About Wiarus. (Winona, Minn.) 1886-1893
Winona, Minn. (1886-1893)
- Wiarus. : (Winona, Minn.) 1886-1893
- Alternative Titles:
- Weekly wiarus
- Place of publication:
- Winona, Minn.
- Geographic coverage:
- Dates of publication:
- Rok 1, no. 1 (11go luty 1886)-rok 8, nr. 21 (25 maj 1893).
- Catholics, Polish--United States--Newspapers.
- Catholics, Polish.--fast--(OCoLC)fst00849346
- Minnesota--Winona County.--fast--(OCoLC)fst01214850
- Polish Americans--Newspapers.
- Polish Americans.--fast--(OCoLC)fst01068870
- Polish people--United States--Newspapers.
- Polish people.--fast--(OCoLC)fst01715992
- United States.--fast--(OCoLC)fst01204155
- Winona (Minn.)--Newspapers.
- Winona County (Minn.)--Newspapers.
- Available on microfilm from the Minnesota Historical Society.
- In Polish.
- sn 90060823
- View complete holdings information
- First Issue Last Issue
Wiarus and Katolik
On February 11, 1886, the first issue of the Wiarus ("Veteran Defender") was published in Winona, an early center of Polish immigration in Minnesota. The first editorial notes that despite the large Polish population, earlier Polish-language newspapers in Winona, such as Przyjaciel Ludu ("People's Friend") and Kurjer Winonski ("Winona Courier") never survived beyond a second issue due to lack of local support. In contrast, the well-organized Wiarus had the support of a board of enthusiastic Polish-American citizens whose slogan was "Boze zbaw Polske" or "God Save Polonia." Its members expressed their "...wish to unify our forces so as to be firm against our adversities, to preserve our holy faith in its purest form, to save our ethnic traditions, to educate our youth, and to secure for ourselves a respectable position in the United States in political and ethnic fields." Located on the Mississippi river in southeastern Minnesota, Winona was an early entry point for Polish immigrants. With steamboats and later railroads serving the city, lumber and milling industries developed, as well as farming on both the Minnesota and Wisconsin sides of the Mississippi River. Over time, the Polish-American families in and around Winona sought to build churches and schools for their community, just as interest also grew in having a Polish-language newspaper.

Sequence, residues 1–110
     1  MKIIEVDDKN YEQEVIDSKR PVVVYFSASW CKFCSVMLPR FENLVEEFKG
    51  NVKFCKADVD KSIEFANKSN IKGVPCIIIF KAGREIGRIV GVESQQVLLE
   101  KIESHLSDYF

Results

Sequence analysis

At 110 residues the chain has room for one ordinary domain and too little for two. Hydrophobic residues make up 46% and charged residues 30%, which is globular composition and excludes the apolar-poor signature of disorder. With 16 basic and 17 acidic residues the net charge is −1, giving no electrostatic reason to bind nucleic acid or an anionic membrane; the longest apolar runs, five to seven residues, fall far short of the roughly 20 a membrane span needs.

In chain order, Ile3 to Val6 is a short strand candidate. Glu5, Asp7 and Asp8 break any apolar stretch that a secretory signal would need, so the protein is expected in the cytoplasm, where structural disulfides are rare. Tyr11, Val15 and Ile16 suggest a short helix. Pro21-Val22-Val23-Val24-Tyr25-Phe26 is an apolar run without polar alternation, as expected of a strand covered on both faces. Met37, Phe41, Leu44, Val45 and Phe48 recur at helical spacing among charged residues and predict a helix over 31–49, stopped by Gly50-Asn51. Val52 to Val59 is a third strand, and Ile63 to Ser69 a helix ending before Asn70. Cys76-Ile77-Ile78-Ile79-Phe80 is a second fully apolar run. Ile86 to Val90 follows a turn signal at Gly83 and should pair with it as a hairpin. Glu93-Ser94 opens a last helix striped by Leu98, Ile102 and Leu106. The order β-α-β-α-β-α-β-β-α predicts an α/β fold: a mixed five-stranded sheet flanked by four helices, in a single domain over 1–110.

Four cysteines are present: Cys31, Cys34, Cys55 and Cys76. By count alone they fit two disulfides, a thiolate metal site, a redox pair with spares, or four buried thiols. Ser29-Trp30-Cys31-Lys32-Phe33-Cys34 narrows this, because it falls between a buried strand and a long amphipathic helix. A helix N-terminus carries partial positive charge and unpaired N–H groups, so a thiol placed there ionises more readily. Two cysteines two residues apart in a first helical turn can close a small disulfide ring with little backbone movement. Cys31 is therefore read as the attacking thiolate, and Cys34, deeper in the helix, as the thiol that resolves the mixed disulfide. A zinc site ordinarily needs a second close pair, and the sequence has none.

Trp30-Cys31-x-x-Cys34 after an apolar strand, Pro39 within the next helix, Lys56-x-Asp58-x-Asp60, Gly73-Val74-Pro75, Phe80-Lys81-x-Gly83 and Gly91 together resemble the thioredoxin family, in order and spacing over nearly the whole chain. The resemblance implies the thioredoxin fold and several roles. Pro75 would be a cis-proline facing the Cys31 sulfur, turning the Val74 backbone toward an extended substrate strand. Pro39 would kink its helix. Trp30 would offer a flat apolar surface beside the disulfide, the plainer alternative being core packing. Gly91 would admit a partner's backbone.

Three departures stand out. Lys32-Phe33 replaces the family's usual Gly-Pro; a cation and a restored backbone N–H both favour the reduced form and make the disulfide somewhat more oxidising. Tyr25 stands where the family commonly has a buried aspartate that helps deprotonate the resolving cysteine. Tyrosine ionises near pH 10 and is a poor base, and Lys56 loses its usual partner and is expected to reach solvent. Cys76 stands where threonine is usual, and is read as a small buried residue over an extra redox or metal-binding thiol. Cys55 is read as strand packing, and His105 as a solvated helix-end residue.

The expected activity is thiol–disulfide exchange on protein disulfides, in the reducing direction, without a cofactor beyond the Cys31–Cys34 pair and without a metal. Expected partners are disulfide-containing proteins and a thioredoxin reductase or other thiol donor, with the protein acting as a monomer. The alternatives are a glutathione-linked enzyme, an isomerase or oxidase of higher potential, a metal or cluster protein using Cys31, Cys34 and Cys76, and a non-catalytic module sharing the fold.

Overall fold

Despite the ambitions of its board, the Wiarus had a difficult start. After losing two editors in ten issues, including an alleged Russian spy who filled the newspaper with anti-Polish sentiment, the Wiarus somewhat begrudgingly hired Hieronim Derdowski, the former editorof the Detroit newspaperPielgrzeym Polski ("Polish Pilgrim"). A poet and activist who often found himself censored and jailed in Prussian-occupied Poland, Derdowski's reputation for combative relationships with newspaper publishers preceded him. However, despite his lack of family connections in Winona, he was of Kashubian origin. An ethnic group from Northern Poland, the Kashubians immigrated to Minnesota in large numbers. With this background in common, Derdowski quickly ingratiated himself with the settlers in Winona through his knowledge of the local dialect. By promoting Polish identity through language and education, and by acclimating Polish ideals to American living, Derdowski's forceful patriotism and notable literary achievements were so successful that on September 19, 1889 he was able to acquire the Wiarus, from Franciszek Gryglaszewski, a censor for the Polish National Alliance who had previously purchased the title from the original editorial board.
As the circulation of the Wiarus broadened across the entire Midwest, it also became susceptible to a public outcry from other Polish communities who took issue with Derdowski's often didactic editorializing and his personal attacks on public figures. After being renamed Katolik on June 1, 1893, the paper found itself the subject of public demonstrations started by Reverend Vincent Barzynski and his Chicago daily Dziennik Chicagoski ("Chicago Daily News"), who protested Derdowski's personal attacks. Though both men shared much in common, Derdowski's affiliations alternated during this period between the Polish Roman Catholic Union of America, which favored the American Catholic hierarchy and building cultural awareness locally, and the Polish National Alliance, which considered all Polish people part of a global community and which favored the more radical goal of reconstituting Poland, which Father Barzynski strongly opposed. Tensions over cultural identity and church leadership may be of interest to researchers as they center during this period around Winona's Saint Stanislaus Kostka Parish. A rotating cast of pastors between 1890 and 1894 were met with either vocal support or harsh criticism until Father Jakub W. J. Pacholski finally assumed the position of pastor at Saint Stanislaus and forcefully led the Kashubian community in Winona. It was also Pacholski who suggested that the Katolik's name be changed back to Wiarus in 1895.
Derdowski suffered a stroke in 1896 which considerably tempered his energy. Though the Wiarus remained popular, Derdowski's death in 1902 was barely mentioned in the Polish press. His widow, Joanna Derdowska continued the Wiarus, which reflected the perspectives of her late husband, until 1915 when she finally sold her interests in the paper. A decline in the readership of Polish-language newspapers led to the suspension of publication of the Wiarus on December 17, 1919.
Provided by: Minnesota Historical Society; Saint Paul, MN